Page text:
Now we’re in May there is one group of plants that’s certainly springing to life and making a show in most of our gardens with their jaw-dropping displays of colourful blooms ... that’s the Rhododendrons!
If you’re looking for the wow factor out of your flowers, Rhododendrons certainly tick that box, they can be split into a series of groups starting with the Hybrid Rhododendrons, with their long evergreen glossy leaves and mounds of flowers in a range of colours from red to white and orange to pink.
Generally growing from a height of three feet up to 30ft., depending on variety, they are great for providing structure in any garden, but as you sow ericaceous (acid) soil is essential for them to thrive, and they love to grow in a sunny or shady location in a well-drained or dry soil. They are very versatile, the only limitation being they won’t grow in an exposed site nor in a wet or boggy location.
Following these are the Dwarf Rhododendrons, which bear just as many flowers but in a smaller scale – great for incorporating into a rockery or growing in a pot. Some bear small flowers and others bear dramatically large flowers for the size of plant; Rhododendron Bow Bells, in particular, with large glossy pink blooms.
All Rhododendrons are evergreen, however there is a group of plants which fall within the Rhododendron family and that is the Azaleas. Deciduous Azaleas bear a very similar flower to a Rhododendron, but it has less stamens as a technicality, the main difference being they bear a beautiful scent. Growing from four feet up to 20ft, depending on variety, they are a must have for the garden.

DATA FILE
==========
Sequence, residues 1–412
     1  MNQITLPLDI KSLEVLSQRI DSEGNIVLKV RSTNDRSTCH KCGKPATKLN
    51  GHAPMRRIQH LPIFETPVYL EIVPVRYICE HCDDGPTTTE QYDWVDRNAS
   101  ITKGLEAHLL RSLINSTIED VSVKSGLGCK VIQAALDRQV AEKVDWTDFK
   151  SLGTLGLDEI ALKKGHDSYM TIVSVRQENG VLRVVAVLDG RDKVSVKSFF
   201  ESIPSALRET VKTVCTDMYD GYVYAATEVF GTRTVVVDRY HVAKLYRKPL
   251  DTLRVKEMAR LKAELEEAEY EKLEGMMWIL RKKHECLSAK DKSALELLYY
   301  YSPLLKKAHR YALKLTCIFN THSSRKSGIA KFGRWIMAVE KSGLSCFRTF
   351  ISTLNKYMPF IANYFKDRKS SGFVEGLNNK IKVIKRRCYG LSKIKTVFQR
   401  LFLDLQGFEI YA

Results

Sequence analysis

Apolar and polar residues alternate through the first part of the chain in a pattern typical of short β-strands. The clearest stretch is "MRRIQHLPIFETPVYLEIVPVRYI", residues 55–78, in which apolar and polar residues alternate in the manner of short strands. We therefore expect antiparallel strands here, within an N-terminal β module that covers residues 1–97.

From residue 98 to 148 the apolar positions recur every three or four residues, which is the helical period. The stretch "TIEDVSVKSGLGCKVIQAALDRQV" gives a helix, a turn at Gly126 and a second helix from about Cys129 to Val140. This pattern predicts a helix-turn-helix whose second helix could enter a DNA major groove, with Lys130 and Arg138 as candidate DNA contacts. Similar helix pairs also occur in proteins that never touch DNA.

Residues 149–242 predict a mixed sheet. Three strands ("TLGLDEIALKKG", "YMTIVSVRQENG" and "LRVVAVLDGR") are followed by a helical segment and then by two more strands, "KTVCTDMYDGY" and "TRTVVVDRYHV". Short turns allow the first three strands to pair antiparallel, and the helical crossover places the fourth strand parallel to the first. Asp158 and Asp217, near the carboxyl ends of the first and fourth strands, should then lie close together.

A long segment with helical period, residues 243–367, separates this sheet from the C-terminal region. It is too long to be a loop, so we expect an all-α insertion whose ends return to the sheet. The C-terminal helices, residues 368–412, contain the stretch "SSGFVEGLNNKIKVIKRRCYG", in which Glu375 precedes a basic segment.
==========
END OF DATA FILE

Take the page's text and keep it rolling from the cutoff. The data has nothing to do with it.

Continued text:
Also they can be pruned and re-shoot from old wood, unlike their relatives. All Evergreen Rhododendrons must be left to grow to the size they want to, so the key is to pick the right size for your garden, but with the deciduous Azaleas they can be pruned into old wood straight after flowering and will shoot out and bloom the following year.
The final group is the Japanese Evergreen Azaleas. With a dwarf growing between one foot to four feet, they are one of the most prolific groups for flower, again from white to pink and red to orange they pack the wow factor.
With all Rhododendrons the key is to feed with a specialist feed (Vitax Q4) as I always recommend straight after flowering, and with them only being shallow rooted you should mix the pellet feed with some bark or compost to prevent scorch of the surface roots. Follow this tip and grow them in the right place and you will not fail to be amazed by Rhododendrons!